The Power of Consistency


This week on my audio blog I shared a principle from my Becoming a Calm, Cool and Confident Mom series that is often a turning point for many moms I work with – Empty Threats.  As Hal Runkel says in his book, “ScreamFree Parenting” – empty threats are really broken promises.

Let that sink in a minute – we normally think of promises as good things we will do or get from others – but in parenting, promises we make to our children are often how we handle disciplining them.

The problem comes when we as parents do not keep promises – any kind of promise.  When you tell your child that they will lose their TV privilege if they have not done their chores, yet you allow them to watch TV even when they have not completed their chores – you are breaking a promise.  It effects them just as deeply as if you had told them that when they turn 10 they will get to go to Disneyland.

This is where consistency comes into play in the parenting world.  It is the biggie, the one word that catches everyone’s attention, but often is the hardest to accomplish.  Being consistent in anything is hard – very hard – but the relationship with your child depends on building a trusting relationship with him/her and how can you do that if your child can not believe what you say?

It comes down to integritymeaning what you say, saying what you mean and following through with what you promise – good or not so good.  The sooner you begin to truly grasp this concept and begin to incorporate this principle into your daily living, the sooner you will see transformation in your home.

What kind of difference do you think it would make if your child knew for a fact, from repeated experiences that you never  gave a second warning, never asked them multiple times to complete a task and your word should always be taken seriously.

Does the word respect come to mind? 

Do you feel this is something you are missing in your parenting skill set, being respected by your children? 

Perhaps it is all your own doing? 

Think back over the past week and evaluate how many empty threats you may have dished out to your children; ones you didn’t follow through on.  Often we make these threats when we are on the verge of screaming and losing it, we feel we have no other option to get compliance.  We get so aggravated that our verbal instructions aren’t enough to modify our child’s behavior that we resort to whatever  we can come up with to ‘get them’ to behave.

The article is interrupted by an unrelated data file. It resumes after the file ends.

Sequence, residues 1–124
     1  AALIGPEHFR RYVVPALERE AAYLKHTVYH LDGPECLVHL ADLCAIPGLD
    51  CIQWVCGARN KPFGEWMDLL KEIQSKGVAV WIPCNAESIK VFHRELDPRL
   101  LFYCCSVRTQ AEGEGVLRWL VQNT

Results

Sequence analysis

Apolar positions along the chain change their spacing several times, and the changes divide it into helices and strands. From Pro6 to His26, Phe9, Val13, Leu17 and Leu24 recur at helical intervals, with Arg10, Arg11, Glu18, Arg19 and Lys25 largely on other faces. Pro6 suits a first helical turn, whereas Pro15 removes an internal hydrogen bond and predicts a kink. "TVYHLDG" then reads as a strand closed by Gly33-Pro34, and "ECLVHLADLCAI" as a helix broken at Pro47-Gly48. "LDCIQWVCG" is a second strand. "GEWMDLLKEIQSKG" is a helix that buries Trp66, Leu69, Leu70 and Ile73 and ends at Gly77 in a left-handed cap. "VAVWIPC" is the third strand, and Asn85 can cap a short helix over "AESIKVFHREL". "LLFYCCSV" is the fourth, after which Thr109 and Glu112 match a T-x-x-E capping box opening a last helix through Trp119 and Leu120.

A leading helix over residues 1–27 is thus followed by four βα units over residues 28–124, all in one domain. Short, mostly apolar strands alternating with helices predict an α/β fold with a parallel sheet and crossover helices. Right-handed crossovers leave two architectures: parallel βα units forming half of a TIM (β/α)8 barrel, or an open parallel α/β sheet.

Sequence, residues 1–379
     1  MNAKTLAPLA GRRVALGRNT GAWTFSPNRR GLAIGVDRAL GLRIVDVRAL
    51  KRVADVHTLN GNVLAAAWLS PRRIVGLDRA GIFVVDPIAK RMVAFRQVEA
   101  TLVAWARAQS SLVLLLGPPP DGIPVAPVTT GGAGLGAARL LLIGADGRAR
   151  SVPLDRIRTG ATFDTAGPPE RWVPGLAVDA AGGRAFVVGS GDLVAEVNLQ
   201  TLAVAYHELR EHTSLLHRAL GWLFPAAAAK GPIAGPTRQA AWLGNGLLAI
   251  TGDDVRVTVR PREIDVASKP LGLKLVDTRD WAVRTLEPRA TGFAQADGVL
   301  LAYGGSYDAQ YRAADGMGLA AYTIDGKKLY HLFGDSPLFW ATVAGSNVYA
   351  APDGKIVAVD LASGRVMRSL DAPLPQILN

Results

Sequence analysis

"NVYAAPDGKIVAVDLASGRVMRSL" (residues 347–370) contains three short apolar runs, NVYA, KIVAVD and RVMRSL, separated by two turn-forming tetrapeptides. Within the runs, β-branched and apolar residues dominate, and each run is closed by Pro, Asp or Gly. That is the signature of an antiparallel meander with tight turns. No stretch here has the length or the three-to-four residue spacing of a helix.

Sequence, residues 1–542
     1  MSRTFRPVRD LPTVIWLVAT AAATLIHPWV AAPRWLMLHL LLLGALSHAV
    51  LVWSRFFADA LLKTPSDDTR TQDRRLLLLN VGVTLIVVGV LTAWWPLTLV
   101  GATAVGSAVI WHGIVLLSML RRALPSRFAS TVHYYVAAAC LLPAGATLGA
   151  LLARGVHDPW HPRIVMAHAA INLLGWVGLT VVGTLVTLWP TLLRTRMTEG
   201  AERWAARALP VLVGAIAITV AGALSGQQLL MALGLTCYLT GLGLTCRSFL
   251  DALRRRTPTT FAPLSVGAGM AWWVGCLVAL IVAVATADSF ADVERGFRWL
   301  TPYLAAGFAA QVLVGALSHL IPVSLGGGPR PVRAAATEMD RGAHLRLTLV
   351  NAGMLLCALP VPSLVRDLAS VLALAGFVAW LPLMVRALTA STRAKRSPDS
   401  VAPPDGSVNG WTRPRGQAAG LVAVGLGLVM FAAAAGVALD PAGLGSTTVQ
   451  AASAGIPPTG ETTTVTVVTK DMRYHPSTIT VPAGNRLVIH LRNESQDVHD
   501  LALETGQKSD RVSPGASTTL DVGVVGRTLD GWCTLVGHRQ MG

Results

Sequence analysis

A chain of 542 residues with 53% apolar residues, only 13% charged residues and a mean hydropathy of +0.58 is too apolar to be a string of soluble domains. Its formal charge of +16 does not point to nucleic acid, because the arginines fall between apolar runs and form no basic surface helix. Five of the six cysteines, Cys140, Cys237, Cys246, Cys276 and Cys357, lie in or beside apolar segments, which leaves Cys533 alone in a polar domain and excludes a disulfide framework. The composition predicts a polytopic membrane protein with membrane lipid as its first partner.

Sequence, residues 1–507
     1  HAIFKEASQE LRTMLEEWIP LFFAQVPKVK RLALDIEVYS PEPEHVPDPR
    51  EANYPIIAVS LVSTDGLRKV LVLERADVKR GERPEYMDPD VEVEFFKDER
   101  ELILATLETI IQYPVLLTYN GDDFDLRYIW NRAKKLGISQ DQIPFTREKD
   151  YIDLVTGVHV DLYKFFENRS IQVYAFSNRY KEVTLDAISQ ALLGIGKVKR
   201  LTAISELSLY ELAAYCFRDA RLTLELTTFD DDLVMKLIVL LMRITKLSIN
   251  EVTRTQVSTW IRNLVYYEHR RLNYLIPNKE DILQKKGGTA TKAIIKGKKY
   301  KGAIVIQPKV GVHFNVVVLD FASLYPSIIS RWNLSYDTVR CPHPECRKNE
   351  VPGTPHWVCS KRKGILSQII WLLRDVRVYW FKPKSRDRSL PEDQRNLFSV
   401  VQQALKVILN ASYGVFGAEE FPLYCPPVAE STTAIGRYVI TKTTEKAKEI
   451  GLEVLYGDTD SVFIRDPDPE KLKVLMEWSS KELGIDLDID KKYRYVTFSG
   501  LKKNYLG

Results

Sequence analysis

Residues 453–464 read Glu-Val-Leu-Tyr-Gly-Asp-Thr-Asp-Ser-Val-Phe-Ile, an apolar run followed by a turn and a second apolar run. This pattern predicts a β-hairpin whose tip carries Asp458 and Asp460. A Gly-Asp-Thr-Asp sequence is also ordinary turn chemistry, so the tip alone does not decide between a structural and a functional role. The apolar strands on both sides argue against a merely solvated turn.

Can you come up with a few examples?  Can you see how you set yourself up for failure by not following through with those “promises”?

I challenge you to begin with you, stop before you speak and consider what you will be saying.  Make sure what is coming out of your mouth is consistent with how you would like to be respected by your children.  Can you follow through with what you are about to say?  If you cannot, then do not say it.  Don’t resort to empty threats.

Three things to keep in mind:

Don’t ever set a consequence to a behavior that is tougher for you to enforce that it is for your child to endure.

You know those ones that come out in the heat of the moment, “You are grounded for two months!”  How realistic is that?

There are no shortcuts to setting or enforcing consequences.

Providing consistent discipline for our children is always time-consuming, often exhausting and always rewarding!

Choose only consequences that you are willing to enforce.

Simple – choose only consequences that you can and will follow through on consistently!

When you begin to be consistent you will see results.

“Consistent enforcement of consequences is the single most effective application of authority in the parent-child relationship – but only if you can think through your decisions calmly before you make them.”  – Hal Runkel, author ScreamFree Parenting

I have posted the replay here for the audio blog if you missed it!

Listen to internet radio with Susan Heid on Blog Talk Radio


Have you seen a change in your home when you are more consistent?

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  • Theresa

    We actually use the phrase, “I mean what I say and I say what I mean” to our kids. We use it in times that they perceive as positive (I said we would get ice cream and even though it’s late I say what I mean and I mean what I say) as well as with consequences. Now the kids will call us on it, “I thought you say what you mean and mean what you say.”

  • Love that phrase! That is wonderful your children can keep you in check too, in a respectful way. It does work both directions and you certainly get better results when you are under the same “guidelines” as your children. Thanks so much for sharing!

  • What do you do when the other parent has the problem with consistency, especially when they travel a lot for work? My kids know that I do not budge, I carefully consider my words but they can wear my husband out. He just does not have the on the job training. He missed an entire year of standing firm with my eldest, now much more reasonable on the other side. So now he is experiencing it with our second son, it is hard on him. I have told him just to draw the line in the sand and don’t move. I think they go through a phase of wanted us to prove how much we love them by the limits we set. Any advise.

  • This post is a great reminder about following through. I try to do that to the best of my ability–even with a 15 month-old!

  • It is difficult when both parents do not do things exactly the same, but you can only worry about your actions. You said it well, your kids know that you won’t budge – that is all you can control. Hopefully he will start to learn more and see things, as you already said he is.

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